windwalker wrote:"In a rotating reference frame, all objects, regardless of their state of motion, appear to be under the influence of a radially (from the axis of rotation) outward force that is proportional to their mass, to the distance from the axis of rotation of the frame, and to the square of the angular velocity of the frame.[5][6] This is the centrifugal force.


And, as the angular velocity approaches zero, what is the magnitude of the centrifugal force?

At near zero angular velocity how much does centrifugal force enter into an application? That was my point.

What many are attributing to centrifugal force is actually the application of leverage.
kinda depends on their understanding, I'm sure if you or others who write clear
can make the distinctions.


Is "Four ounces deflects 1000 pounds" a statement of leverage, or of something else? Does momentum enter into that one statement? Does centrifugal force enter into that one statement?


Its not leverage, which would be easily understood and explainable to most...
Many teachers really go out of their way to show its not this often making the demos look faked...

hence the title of the thread woo-woo taiji ball magic...I felt what
the OP teacher demoing, explanations were confused you noted some other aspects...

With those I work with we use physic theorems as much as possible to explain whats going
on, why and how... corrections made are all based on this.

First contact and what is meant by contact

4oz is a level of contact that enables one to affect the contact point
at level that does not involve the frame.

really about as much as I care to say considering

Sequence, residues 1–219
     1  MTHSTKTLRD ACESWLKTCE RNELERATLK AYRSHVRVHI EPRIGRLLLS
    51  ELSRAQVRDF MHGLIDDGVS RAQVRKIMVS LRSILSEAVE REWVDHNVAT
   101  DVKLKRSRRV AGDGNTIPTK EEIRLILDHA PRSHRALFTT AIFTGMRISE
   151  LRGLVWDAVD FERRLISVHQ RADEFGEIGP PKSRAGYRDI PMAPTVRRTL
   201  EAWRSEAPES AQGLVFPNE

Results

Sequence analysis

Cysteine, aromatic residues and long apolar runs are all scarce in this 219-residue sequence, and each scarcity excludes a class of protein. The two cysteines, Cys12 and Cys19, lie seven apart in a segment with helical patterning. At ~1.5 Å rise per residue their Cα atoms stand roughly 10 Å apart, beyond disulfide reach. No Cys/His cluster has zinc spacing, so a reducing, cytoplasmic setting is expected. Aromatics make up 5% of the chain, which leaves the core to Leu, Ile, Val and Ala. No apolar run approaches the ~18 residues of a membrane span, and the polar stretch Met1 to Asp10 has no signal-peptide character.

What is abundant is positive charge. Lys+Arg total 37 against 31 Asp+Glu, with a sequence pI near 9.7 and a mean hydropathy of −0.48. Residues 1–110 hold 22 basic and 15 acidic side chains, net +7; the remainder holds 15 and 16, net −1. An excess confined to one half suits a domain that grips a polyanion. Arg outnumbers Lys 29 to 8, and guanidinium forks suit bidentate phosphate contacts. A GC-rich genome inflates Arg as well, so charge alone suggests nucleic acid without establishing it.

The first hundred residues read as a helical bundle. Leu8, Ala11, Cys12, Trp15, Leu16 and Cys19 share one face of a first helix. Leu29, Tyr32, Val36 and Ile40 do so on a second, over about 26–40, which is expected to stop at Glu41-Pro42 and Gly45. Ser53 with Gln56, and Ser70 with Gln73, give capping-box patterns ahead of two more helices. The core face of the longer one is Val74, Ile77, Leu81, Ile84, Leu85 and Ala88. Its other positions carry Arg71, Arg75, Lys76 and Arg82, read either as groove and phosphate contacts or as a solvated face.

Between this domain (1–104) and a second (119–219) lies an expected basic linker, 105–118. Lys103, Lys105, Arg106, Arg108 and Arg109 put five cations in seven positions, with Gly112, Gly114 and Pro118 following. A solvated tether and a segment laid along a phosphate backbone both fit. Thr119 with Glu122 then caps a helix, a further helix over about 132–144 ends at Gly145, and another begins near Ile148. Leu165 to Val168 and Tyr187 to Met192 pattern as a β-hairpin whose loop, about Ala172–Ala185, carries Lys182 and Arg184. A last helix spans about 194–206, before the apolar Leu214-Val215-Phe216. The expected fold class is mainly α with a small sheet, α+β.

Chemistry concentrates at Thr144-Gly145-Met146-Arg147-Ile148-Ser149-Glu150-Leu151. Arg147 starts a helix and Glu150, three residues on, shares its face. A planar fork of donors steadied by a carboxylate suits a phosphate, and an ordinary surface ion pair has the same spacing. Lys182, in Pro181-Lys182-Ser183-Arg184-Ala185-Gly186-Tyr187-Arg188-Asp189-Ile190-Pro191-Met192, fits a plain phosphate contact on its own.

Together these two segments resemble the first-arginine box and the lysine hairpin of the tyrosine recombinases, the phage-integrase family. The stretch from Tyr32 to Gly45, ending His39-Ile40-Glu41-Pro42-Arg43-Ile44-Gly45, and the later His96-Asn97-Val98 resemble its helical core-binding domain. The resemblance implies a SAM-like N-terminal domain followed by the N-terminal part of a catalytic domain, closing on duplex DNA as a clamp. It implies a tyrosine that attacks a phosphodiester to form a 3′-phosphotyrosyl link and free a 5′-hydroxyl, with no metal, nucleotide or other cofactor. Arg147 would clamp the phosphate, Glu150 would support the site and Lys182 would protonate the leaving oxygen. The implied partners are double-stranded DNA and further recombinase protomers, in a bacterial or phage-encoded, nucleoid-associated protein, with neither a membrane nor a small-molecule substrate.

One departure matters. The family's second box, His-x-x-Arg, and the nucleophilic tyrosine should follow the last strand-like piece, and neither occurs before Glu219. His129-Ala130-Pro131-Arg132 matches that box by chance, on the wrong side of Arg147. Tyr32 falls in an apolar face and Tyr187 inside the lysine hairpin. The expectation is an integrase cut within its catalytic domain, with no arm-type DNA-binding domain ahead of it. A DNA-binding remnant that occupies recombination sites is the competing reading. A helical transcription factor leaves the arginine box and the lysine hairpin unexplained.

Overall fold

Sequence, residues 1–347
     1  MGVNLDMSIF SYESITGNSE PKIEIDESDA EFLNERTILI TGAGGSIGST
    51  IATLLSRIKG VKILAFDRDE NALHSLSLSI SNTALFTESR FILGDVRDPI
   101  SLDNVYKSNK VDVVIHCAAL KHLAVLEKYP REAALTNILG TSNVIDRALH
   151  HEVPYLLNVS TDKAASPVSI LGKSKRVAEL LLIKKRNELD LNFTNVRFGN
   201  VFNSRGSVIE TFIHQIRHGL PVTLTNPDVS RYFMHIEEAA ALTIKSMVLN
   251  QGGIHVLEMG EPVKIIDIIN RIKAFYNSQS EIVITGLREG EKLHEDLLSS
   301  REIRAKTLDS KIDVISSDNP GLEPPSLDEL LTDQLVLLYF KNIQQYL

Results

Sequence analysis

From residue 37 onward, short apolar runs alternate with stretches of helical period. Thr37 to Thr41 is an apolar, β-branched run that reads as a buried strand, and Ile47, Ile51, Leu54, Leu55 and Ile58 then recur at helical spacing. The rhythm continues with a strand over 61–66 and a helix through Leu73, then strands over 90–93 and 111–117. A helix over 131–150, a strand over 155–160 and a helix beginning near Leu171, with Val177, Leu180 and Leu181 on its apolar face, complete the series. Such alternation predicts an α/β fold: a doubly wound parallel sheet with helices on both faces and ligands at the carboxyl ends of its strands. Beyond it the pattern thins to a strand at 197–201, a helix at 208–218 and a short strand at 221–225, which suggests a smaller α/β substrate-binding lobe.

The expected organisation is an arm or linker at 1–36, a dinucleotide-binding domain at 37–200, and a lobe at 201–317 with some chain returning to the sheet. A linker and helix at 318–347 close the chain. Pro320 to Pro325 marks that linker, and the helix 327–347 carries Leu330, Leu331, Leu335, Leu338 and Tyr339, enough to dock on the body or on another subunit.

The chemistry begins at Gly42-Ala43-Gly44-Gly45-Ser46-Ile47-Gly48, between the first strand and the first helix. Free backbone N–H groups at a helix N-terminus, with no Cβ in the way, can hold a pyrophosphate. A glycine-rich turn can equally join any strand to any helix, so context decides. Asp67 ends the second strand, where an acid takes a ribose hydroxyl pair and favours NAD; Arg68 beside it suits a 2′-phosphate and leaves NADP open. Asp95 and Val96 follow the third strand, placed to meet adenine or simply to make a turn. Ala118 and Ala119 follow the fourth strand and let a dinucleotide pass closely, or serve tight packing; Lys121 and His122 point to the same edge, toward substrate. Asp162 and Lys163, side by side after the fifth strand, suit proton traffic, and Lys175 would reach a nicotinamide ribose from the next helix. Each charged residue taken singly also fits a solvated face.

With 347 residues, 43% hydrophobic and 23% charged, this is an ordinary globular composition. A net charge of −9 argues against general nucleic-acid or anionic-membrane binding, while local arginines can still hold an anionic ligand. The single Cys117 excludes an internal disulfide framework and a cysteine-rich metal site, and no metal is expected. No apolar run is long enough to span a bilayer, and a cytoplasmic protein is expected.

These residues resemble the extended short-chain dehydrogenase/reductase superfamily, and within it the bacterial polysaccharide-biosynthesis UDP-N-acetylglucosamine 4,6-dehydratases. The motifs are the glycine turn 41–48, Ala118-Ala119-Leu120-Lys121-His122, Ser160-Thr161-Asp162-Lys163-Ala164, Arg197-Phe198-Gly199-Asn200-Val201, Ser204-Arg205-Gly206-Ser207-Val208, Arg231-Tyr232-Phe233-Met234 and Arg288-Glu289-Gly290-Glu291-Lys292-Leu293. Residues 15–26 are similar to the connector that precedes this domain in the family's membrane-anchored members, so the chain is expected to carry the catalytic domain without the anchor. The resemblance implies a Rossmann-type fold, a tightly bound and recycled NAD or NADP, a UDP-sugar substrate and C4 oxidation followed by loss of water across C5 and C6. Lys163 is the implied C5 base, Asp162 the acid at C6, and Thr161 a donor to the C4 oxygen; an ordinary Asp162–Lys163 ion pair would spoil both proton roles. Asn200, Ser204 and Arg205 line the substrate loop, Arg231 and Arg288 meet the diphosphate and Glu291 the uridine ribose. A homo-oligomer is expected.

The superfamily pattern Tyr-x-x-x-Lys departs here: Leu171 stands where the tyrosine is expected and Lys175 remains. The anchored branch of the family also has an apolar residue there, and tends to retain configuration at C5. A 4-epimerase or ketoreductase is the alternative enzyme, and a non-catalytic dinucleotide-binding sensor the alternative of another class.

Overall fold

some of the other threads....its kinda pointless....

thanks for what seem to be honest / open inquiries ;)

I've found that a basic and rigorous approach to viewing
things though the lens of physics makes many things understandable
in a way that echos much of what is written, shown that many question...
Last edited by windwalker on Wed Sep 19, 2018 7:46 am, edited 1 time in total.
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Re: Ian's woo-woo tai chi ball magic

Postby Bao on Wed Sep 19, 2018 1:52 pm

hence the title of the thread woo-woo taiji ball magic...I felt what
the OP teacher demoing, explanations were confused ...


It was just a joke WW. There are people out there who hunt what they call fake tai chi, woo woo and hopping amongst other things. I thought what Ian did was clever bringing up the Gallilean Canon and he did it in a good way. I liked it.
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Re: Ian's woo-woo tai chi ball magic

Postby wayne hansen on Wed Sep 19, 2018 3:00 pm

Yes I don't think there is any woo woo in Ian
I think he is just a good honest workman with a sence of humor
Don't put power into the form let it naturally arise from the form